"A motion under 18 U.S.C. § 3145(b) for review of a magistrate judge's detention order requires the Court promptly to examine de novo whether there are conditions of release that will reasonably assure the safety of any other person and the community." United States v. Sheffield, 799 F.Supp.2d 18, 19-20 (D.D.C. 2011); see 18 U.S.C. § 3145(b). "The Court is free to use in its analysis any evidence or reasons relied on by the magistrate judge, but it may also hear additional evidence and rely on its own reasons." Id. at 20 (quoting United States v. Hanson, 613 F.Supp.2d 85, 88 (D.D.C. 2009)); see also United States v. Anderson, 384 F.Supp.2d 32, 33 (D.D.C. 2005); United States v. Karni, 298 F.Supp.2d 129, 130 (D.D.C. 2004) ( citing United States v. Hudspeth, 143 F.Supp.2d 32, 35-36 (D.D.C. 2001)).
The Bail Reform Act of 1984 provides a "regulatory device... to provide fair bail procedures while protecting the safety of the public and assuring the appearance at trial of defendants found likely to flee." United States v. Montalvo-Murillo, 495 U.S. 711, 719-720 (1990). Under the Bail Reform Act, 18 U.S.C. § 3141 et seq., a judicial officer "shall order" a defendant's detention before trial if, after a hearing, "the judicial officer finds that no condition or combination of conditions will reasonably assure the appearance of the person as required and the safety of any other person and the community." Id. § 3142(e). The judicial officer considering the propriety of pretrial detention must consider four factors:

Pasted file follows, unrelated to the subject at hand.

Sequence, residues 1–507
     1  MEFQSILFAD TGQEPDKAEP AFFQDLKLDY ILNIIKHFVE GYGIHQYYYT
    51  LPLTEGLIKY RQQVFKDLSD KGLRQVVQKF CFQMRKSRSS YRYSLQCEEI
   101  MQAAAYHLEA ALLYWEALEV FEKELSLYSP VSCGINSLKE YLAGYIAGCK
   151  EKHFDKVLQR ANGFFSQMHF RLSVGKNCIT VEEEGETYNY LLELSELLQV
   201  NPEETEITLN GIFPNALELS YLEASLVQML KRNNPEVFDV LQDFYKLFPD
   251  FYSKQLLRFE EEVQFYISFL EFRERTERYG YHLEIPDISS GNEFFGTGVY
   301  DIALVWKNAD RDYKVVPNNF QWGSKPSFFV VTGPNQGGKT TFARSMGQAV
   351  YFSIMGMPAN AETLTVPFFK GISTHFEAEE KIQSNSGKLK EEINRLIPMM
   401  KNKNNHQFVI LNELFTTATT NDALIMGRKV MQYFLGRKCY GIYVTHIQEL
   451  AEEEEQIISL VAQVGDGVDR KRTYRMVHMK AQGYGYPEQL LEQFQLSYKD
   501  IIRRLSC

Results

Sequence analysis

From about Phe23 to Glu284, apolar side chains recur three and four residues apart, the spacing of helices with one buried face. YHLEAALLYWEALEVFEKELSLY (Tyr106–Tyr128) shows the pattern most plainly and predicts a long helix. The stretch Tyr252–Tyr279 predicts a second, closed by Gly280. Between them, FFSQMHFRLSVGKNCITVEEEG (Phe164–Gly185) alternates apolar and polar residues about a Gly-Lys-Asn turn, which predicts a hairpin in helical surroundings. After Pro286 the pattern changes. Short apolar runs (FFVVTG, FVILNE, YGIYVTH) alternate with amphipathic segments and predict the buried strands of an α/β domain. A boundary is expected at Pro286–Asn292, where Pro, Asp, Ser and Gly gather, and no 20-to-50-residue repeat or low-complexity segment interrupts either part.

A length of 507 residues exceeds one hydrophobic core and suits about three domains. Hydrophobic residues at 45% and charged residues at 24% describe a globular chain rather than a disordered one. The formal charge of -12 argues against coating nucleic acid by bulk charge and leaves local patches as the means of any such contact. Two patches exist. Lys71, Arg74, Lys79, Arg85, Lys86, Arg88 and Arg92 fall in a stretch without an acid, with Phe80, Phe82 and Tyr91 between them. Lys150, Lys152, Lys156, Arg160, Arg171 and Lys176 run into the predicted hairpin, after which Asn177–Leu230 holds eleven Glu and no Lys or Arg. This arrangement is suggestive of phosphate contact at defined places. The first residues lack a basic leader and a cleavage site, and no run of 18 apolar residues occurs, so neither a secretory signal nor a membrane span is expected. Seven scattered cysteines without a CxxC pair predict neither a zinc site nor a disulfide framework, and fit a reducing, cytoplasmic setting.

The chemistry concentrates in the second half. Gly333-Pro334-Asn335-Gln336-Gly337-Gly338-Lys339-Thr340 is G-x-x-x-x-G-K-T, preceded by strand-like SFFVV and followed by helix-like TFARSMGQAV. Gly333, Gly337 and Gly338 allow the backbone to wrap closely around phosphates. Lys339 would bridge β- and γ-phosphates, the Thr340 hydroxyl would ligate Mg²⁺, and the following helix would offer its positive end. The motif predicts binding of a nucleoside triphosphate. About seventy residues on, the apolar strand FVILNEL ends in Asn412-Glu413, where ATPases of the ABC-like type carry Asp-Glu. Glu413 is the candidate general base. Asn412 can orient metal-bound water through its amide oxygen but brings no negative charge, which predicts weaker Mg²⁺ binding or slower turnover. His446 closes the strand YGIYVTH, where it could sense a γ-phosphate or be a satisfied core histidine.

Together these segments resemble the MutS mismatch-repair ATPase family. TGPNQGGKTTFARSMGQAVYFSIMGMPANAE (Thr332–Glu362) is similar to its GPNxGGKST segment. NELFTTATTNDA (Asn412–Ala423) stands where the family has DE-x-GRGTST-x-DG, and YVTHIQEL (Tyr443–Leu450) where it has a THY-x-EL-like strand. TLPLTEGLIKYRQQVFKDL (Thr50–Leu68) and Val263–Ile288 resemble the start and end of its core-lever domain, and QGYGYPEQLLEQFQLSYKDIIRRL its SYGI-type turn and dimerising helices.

(1) [t]he nature and circumstances of the offense charged, including whether the offense... involves... a controlled substance;
(2) the weight of evidence against the person;
(3) the history and characteristics of the person, including... the person's character, physical and mental condition, family ties, employment, financial resources, length of residence in the community, community ties, past conduct, history relating to drug or alcohol abuse, ...